The Government of López Obrador votes blank, along with Brazil, El Salvador, or Saudi Arabia, to a measure agreed by a majority and promoted by the US.
Mexico is one of the 58 states that have decided to abstain from the vote that has led to the expulsion of Russia from the UN Human Rights Council. The General Assembly of the organization took the decision on Thursday by a majority of more than two-thirds -93 votes in favor of a total of 176- in response to the “serious and systematic violations and abuses” committed during the invasion of Ukraine. The permanent representative of Mexico to the UN, Juan de la Fuente, has justified the decision by first recalling his country’s support for the organization’s latest resolutions but emphasizing that “exclude, suspend, is not the solution” and that “Mexico has the conviction that all channels of dialogue with the authorities of the Russian Federation must be maintained.”
The expulsion has been driven by the US and is a major setback for Russia. Last Monday the US ambassador to the UN, Linda Thomas-Greenfield, proposed mediation after learning of the atrocities allegedly committed by the Russian army in Bucha, a suburb of Kiev, the Ukrainian capital. After more than a month under the control of the invading forces, the streets of the city were littered with corpses, many with signs of torture. The president of the United States, Joe Biden, described the events as “war crimes” while his Ukrainian counterpart, Volodímir Zelenski, after a visit to the area, as evidence of a “genocide”. Moscow maintains that everything is a setup, despite the evidence to the contrary, the accounts of witnesses and journalists on the ground and satellite images.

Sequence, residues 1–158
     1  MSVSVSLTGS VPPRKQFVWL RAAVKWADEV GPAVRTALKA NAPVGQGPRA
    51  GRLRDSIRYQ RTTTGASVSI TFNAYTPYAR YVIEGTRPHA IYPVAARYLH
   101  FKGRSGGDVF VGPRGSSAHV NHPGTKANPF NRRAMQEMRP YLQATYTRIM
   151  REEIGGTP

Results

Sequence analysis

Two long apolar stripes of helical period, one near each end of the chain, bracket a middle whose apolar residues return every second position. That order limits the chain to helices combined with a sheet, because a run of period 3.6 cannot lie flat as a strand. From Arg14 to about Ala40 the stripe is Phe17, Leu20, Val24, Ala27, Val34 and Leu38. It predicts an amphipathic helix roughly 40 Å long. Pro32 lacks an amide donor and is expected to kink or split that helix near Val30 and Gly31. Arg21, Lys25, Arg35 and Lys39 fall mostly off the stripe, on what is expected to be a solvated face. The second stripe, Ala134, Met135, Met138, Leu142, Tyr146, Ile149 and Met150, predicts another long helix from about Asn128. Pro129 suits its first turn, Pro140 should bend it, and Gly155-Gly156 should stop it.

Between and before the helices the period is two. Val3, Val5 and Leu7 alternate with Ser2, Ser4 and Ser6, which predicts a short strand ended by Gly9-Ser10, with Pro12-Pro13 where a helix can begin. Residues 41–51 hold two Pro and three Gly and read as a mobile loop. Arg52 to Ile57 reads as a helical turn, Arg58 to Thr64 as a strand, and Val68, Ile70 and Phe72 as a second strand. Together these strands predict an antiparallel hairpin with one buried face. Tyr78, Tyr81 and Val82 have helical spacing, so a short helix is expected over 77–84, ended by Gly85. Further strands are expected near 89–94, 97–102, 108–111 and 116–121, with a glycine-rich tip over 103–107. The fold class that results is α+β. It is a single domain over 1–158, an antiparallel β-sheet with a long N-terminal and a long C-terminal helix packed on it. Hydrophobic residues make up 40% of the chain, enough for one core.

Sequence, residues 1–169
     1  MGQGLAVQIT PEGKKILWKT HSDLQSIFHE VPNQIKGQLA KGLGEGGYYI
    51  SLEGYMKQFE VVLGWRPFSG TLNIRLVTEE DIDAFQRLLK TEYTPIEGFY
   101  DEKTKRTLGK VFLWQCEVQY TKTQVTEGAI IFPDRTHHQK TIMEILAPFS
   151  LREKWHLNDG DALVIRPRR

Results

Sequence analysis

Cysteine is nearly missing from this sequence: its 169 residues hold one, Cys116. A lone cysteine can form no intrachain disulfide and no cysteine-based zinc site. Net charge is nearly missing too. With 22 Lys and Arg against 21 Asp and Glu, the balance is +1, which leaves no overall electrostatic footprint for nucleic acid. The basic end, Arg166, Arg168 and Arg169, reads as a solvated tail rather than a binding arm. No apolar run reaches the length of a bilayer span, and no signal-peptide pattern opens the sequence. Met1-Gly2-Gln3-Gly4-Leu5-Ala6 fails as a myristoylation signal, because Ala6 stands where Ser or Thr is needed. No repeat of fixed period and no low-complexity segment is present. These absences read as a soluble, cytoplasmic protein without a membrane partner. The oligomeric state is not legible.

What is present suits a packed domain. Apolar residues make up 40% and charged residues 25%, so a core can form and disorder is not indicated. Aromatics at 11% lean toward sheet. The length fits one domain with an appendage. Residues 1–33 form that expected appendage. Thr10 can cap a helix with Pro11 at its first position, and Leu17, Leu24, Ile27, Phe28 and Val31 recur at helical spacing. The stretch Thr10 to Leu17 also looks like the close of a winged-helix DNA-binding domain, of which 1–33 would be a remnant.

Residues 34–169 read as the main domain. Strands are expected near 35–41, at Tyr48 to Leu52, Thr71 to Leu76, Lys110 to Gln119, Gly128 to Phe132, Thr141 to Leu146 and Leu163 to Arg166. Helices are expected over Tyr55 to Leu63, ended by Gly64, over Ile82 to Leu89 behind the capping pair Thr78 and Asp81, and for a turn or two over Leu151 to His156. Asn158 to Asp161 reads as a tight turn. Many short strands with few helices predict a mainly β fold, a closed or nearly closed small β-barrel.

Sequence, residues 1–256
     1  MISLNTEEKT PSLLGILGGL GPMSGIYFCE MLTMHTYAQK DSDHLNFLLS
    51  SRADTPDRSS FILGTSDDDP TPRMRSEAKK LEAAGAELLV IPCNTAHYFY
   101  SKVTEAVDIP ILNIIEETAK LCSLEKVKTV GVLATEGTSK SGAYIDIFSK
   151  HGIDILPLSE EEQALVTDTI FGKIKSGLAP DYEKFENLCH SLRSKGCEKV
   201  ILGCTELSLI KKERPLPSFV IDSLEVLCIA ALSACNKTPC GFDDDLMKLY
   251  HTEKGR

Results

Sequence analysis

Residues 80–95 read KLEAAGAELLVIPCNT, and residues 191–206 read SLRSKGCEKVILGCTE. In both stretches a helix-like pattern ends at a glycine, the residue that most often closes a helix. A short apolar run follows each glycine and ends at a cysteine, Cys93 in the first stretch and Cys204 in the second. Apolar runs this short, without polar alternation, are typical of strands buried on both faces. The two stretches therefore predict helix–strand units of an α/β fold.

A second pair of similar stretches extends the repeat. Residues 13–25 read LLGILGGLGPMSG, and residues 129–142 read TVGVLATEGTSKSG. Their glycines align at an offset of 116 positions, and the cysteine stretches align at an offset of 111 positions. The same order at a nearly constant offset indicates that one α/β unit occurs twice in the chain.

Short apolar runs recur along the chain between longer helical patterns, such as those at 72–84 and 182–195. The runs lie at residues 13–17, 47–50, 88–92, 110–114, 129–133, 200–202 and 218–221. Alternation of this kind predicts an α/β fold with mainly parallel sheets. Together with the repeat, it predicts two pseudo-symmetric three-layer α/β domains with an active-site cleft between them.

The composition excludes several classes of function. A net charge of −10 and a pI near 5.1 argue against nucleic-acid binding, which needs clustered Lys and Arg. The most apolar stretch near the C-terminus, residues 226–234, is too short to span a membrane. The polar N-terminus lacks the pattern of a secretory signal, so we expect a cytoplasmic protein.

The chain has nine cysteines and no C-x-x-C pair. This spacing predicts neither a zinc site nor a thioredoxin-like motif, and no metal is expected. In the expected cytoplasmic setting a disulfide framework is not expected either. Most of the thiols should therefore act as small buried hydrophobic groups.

Mexico thus distances itself from both the US and the NATO countries that voted as a block in favor of expulsion. Among the abstentions are States such as Brazil, Egypt, El Salvador, India, and Saudi Arabia. The Mexican position also extends a position that for the moment has included, on the one hand, the condemnation of the Russian invasion and, on the other, has ruled out both economic sanctions on the Kremlin and military aid to Ukraine, a measure also adopted by both the US and by the European Union.
The war in Ukraine has two readings for the Morena government. In terms of foreign policy, the US, its main trading partner, has emphasized from the beginning of the conflict that it considers the Mexican government as “an important ally” also in its security agenda. The internal reading is affected by the climate of high political polarization that has contributed to amplifying the noise and exaggerations. A part of the opposition tries to present López Obrador as a friend of Putin, a misleading strategy as is the desire of some sectors of the left to blame Washington and Brussels for this war.
The position of the permanent representative this Thursday before the UN general assembly has stressed that “Mexico has been clear and forceful in condemning Russia’s invasion of Ukraine, for being in violation of international law, the Charter of the United Nations and the constitutional principles of our foreign policy. De la Fuente also points out that Mexico supported the recent resolution of the Human Rights Council of the organization to form an independent investigation commission destined to “investigate all the alleged abuses and violations of human rights, and everything that could violate international humanitarian law, stemming from Russia’s aggression in Ukraine.”
Mexico’s conclusion on the expulsion of Russia is that its permanence or not “in the Human Rights Council, does not constitute a factor that exempts it or that imposes obligations under international law.” And it asserts that “the central point must be to bring to justice those who are responsible, not to suspend a state from its membership in a subsidiary body of this Assembly before which all member states, without exception, must render accounts, under the same rules and according to the same criteria.